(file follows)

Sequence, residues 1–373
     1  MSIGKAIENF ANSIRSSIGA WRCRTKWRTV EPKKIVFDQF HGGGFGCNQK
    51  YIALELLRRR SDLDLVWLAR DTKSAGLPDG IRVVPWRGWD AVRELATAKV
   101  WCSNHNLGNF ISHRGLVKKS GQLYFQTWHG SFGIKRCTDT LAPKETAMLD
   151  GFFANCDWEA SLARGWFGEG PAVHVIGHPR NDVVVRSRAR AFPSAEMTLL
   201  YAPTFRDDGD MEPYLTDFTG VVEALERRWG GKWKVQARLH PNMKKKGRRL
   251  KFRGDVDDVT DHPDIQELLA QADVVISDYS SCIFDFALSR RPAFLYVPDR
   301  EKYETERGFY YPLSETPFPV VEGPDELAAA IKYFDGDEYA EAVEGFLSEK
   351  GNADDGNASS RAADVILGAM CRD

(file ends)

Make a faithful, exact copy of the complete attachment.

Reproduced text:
Sequence, residues 1–373
     1  MSIGKAIENF ANSIRSSIGA WRCRTKWRTV EPKKIVFDQF HGGGFGCNQK
    51  YIALELLRRR SDLDLVWLAR DTKSAGLPDG IRVVPWRGWD AVRELATAKV
   101  WCSNHNLGNF ISHRGLVKKS GQLYFQTWHG SFGIKRCTDT LAPKETAMLD
   151  GFFANCDWEA SLARGWFGEG PAVHVIGHPR NDVVVRSRAR AFPSAEMTLL
   201  YAPTFRDDGD MEPYLTDFTG VVEALERRWG GKWKVQARLH PNMKKKGRRL
   251  KFRGDVDDVT DHPDIQELLA QADVVISDYS SCIFDFALSR RPAFLYVPDR
   301  EKYETERGFY YPLSETPFPV VEGPDELAAA IKYFDGDEYA EAVEGFLSEK
   351  GNADDGNASS RAADVILGAM CRD